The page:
The perception or the acceptance of danger seems also to have changed. "But, done carefully and correctly, this sport requires accepting a certain amount of risk," the same user says. "As a result, its practice is decreasing, as is the way people perceive time: because reaching an equipped climbing cliff, located 15 minutes away from the car park, where you also have a 4G Internet connection, is more in tune with our time."

High altitude selfie â€" Photo: Didrik Johnck

Speaking about his taste for cross-country skiing and ice cascade climbing, another enthusiast notes that "these activities can only be done by the day, even by half the day, in nice sceneries and with rather fewer risks than in mountain climbing." In its adventurous version, this sport involves both technical and moral difficulties. "The objective risks of mountains â€" crevasses, falling ice or rocks â€" are more significant than in sport climbing," the mountaineer says. Other potential obstacles are the physical fitness and acclimatization that are necessary to complete major runs, which can last 10 to 15 hours. "Mountain climbing of a certain level requires experience, material and lots of availability to handle the hazards linked to weather," another C2C member adds.

The influence of climate

Then there are the effects of global warming. For instance, on the Sea of Ice glacier on Mont Blanc, the ladder descent towards the glacier has changed completely over the course of 20 years, with a strong impact on the access time. Everywhere, itineraries are being changed, extending or complicating trips. And the melting permafrost is leading to more falling rocks. These changes in the Alpine region are also pushing mountaineers to make runs earlier in the season, even in winter, to make the most of optimal frozen or snow conditions.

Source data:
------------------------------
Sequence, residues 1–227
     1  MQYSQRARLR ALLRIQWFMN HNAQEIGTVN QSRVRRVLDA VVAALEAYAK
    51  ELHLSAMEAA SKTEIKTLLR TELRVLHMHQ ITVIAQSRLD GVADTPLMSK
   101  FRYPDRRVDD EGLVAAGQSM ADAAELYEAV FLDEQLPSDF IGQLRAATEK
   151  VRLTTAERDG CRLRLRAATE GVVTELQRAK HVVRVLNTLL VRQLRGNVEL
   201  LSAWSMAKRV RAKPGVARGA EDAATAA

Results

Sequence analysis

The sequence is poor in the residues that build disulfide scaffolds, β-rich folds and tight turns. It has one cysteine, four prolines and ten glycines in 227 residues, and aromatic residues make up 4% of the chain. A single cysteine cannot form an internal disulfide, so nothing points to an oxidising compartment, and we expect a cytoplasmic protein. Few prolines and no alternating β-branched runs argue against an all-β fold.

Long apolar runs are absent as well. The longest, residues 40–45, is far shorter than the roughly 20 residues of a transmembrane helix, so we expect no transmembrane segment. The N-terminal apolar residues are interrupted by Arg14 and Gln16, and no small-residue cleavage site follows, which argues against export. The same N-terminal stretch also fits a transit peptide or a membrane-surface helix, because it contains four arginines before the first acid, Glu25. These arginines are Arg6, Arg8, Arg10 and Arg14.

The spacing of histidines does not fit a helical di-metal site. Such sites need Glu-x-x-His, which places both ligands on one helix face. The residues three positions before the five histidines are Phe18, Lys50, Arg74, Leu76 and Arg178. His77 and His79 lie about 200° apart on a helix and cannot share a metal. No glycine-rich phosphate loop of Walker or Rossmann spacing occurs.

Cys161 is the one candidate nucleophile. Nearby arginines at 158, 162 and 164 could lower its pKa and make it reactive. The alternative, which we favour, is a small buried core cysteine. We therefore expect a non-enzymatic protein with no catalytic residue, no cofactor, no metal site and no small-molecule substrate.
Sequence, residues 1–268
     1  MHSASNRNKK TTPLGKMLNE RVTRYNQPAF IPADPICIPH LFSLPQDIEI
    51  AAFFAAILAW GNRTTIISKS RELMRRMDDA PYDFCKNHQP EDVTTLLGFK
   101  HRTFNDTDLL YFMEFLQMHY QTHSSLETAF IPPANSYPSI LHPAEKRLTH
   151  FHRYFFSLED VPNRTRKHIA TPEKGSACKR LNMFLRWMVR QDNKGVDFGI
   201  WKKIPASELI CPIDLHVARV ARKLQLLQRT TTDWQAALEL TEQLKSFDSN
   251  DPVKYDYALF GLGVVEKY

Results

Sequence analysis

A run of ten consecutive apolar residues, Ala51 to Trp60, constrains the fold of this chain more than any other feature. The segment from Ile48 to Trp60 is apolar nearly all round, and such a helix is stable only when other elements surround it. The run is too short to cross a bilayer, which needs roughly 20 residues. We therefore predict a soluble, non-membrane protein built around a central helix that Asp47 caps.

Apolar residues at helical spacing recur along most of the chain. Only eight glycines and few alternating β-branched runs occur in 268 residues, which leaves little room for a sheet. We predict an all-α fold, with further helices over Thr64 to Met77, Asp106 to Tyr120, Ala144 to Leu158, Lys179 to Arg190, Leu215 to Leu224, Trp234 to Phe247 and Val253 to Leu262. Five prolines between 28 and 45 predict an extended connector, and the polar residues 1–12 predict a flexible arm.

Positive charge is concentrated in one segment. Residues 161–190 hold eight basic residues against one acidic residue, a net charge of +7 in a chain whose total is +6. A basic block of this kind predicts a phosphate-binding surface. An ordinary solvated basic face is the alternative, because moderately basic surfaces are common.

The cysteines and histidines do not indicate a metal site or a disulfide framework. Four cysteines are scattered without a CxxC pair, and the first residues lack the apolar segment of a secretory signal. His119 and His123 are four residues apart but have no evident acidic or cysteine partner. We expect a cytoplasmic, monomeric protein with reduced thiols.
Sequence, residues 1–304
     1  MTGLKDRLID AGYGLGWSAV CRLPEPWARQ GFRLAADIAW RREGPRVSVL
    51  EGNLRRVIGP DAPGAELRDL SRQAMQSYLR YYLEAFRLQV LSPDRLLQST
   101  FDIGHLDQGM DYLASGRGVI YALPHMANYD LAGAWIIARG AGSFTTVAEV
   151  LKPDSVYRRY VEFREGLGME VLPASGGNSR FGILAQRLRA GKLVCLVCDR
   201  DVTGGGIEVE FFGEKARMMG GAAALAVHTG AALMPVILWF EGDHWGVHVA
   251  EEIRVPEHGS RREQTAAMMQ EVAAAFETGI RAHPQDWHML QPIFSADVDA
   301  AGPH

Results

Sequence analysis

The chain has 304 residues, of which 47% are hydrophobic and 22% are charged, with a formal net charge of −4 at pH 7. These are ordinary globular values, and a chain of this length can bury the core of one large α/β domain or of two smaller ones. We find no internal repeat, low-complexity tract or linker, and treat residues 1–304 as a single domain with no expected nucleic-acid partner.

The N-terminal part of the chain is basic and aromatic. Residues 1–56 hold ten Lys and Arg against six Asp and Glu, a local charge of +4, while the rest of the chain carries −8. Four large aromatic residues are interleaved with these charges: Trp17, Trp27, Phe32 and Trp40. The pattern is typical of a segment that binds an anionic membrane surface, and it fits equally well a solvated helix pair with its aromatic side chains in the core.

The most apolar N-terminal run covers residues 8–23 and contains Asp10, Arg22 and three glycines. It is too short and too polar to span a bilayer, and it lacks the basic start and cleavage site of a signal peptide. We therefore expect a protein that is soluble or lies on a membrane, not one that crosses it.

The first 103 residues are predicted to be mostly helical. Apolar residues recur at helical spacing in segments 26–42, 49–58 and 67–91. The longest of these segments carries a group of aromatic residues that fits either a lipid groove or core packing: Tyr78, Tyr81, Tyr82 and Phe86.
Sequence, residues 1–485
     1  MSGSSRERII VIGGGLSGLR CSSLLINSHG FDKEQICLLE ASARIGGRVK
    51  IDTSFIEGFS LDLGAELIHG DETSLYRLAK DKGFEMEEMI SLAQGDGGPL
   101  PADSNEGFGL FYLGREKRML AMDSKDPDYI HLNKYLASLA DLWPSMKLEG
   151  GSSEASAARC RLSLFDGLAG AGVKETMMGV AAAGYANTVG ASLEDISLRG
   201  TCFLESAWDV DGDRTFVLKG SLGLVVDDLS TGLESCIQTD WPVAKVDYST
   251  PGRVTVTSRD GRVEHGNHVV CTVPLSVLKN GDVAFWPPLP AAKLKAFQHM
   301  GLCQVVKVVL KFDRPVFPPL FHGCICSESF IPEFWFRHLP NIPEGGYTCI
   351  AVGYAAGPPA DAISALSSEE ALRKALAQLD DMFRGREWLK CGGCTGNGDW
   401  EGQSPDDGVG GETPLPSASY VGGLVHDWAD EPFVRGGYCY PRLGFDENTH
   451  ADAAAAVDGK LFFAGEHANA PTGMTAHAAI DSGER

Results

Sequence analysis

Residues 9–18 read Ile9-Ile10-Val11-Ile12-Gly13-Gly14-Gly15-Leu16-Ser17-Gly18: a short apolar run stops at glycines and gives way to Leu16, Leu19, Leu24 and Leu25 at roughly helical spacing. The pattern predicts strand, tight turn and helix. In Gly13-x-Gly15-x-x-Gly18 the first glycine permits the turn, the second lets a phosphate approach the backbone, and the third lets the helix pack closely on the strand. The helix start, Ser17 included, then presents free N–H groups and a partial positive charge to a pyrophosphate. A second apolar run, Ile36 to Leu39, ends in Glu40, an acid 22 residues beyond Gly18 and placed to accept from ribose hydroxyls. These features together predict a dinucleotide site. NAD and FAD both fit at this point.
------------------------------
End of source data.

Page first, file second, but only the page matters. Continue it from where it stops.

"Diminishing glaciers, darkening rock walls, rock slides, all this is happening in the space of one generation," another climber writes.

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What It Means When The Jews Of Germany No Longer Feel Safe

A neo-Nazi has been buried in the former grave of a Jewish musicologist Max Friedlaender – not an oversight, but a deliberate provocation. This is just one more example of antisemitism on the rise in Germany, and society's inability to respond.

At a protest against antisemitism in Berlin

Eva Marie Kogel


BERLIN — If you want to check the state of your society, there's a simple test: as the U.S. High Commissioner for Germany, John Jay McCloy, said in 1949, the touchstone for a democracy is the well-being of Jews. This litmus test is still relevant today. And it seems Germany would not pass.

Incidents are piling up. Most recently, groups of neo-Nazis from across the country traveled to a church near Berlin for the funeral of a well-known far-right figure. He was buried in the former grave of Jewish musicologist Max Friedlaender, a gravesite chosen deliberately by the right-wing extremists.

The incident at the cemetery

They intentionally chose a Jewish grave as an act of provocation, trying to gain maximum publicity for this act of desecration. And the cemetery authorities at the graveyard in Stahnsdorf fell for it. The church issued an immediate apology, calling it a "terrible mistake" and saying they "must immediately see whether and what we can undo."